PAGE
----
When the plate 42 has been moved into the activating position shown in FIG. 6, it is desired that this plate 42 is locked in this position. For that purpose there is incorporated within side plate 48 a button 80. This button 80, though mounted within the confines of the side plate 48, is actually separate from the side plate 48 and must be pressed from its outer position shown in FIG. 6 to its inner position shown in FIG. 5 in order to affect movement of the plate 42 from the extended position shown in FIG. 6 to the retracted position shown in FIG. 5. When the plate 42 is in the extended position shown in FIG. 6 and the button 80 is in its outwardly extended position, deflectable member 82 is positioned so the head of the member 82 abuts against protuberance 84 mounted on the inside wall surface of the housing 52. This deflectable member 82 82 is mounted on a pin 86 which is also mounted on the plate 42. The deflectable member 82 actually resembles a spring which is wound on the pin 86 with this spring exerting a continuous bias tending to locate the deflectable member 82 in the position shown in FIG. 6 which would place the deflectable member in interference with the protuberance 84 and prevent movement of the plate 42 from the extended position shown in FIG. 6. When the user desires to deactivate the play-back device 44, the user needs to press button 80 which will deflect the deflectable member 82 and disengage such from the protuberance 84. This will then permit the plate 42 to be moved from the extended position to the retracted position and thereby deactivate the playback device 44. The transducer 54 will be disconnected and spaced from the outer end 30 of the audio tape 26 with the result that the drive roller 38 will be similarly displaced from the outer leg 30 with the result that rotation of the capstan 40 will not cause the audio tape 26 to be rotated on the reel 28. The user can then shut off the supply of electrical energy to the motor 62 by moving of switch 74 to the position shown in FIG. 5. When the switch 74 is moved in the direction of arrow 88 shown in FIG. 6, the motor 62 will be operatively driven which in turn rotates the capstan 40.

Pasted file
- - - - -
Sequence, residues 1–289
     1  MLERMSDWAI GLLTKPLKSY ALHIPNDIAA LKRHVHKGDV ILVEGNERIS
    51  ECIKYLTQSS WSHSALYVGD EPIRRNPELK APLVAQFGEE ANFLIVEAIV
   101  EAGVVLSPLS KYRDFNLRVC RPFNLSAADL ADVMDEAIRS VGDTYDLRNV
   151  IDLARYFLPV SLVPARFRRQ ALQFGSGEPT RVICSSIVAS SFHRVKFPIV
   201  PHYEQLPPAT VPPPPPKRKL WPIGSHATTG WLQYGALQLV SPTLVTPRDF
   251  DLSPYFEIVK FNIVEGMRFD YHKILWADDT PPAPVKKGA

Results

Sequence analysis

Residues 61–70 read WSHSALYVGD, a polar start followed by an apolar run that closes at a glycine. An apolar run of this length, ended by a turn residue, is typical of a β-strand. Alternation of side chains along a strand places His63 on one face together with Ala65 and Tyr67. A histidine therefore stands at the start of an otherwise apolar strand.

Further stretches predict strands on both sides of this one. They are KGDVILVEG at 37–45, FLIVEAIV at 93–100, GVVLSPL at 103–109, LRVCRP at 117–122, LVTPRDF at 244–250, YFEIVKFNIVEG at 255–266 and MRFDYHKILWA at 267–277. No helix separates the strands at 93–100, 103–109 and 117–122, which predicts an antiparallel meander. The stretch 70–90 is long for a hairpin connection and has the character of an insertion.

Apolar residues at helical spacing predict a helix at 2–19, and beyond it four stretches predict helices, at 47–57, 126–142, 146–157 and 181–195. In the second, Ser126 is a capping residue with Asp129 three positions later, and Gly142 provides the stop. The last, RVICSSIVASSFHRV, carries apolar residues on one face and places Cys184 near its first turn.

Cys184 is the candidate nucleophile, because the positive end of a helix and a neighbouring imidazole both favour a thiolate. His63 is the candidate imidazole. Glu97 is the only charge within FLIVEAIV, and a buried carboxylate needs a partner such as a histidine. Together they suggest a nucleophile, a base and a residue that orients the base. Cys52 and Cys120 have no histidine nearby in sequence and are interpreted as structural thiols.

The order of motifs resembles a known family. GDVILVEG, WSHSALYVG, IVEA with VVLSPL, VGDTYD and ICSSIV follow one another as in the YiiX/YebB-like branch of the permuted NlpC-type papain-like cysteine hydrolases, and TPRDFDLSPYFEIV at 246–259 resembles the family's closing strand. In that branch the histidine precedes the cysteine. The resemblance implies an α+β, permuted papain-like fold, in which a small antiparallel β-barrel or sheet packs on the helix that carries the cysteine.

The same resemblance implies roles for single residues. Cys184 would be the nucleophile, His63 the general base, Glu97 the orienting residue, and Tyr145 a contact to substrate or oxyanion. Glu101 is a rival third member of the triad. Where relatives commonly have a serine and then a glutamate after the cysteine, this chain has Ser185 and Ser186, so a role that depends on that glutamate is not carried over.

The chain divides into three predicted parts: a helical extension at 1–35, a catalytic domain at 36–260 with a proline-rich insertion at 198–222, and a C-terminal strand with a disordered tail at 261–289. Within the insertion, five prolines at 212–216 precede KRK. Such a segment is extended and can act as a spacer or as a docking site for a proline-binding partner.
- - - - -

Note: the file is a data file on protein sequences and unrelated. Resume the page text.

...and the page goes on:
It is to be understood that the user, after having deactivated the playback device 44, can disengage such from the cassette 24 and is capable of reconnecting the playback device 44 with another cassette 24 of another book 12. In other words, the same playback device 44 can be utilized to play an endless number of cassettes 24 of an endless number of books.
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|May 16, 2000||REMI||Maintenance fee reminder mailed|
|Oct 22, 2000||LAPS||Lapse for failure to pay maintenance fees|
|Dec 26, 2000||FP||Expired due to failure to pay maintenance fee|
Effective date: 20001022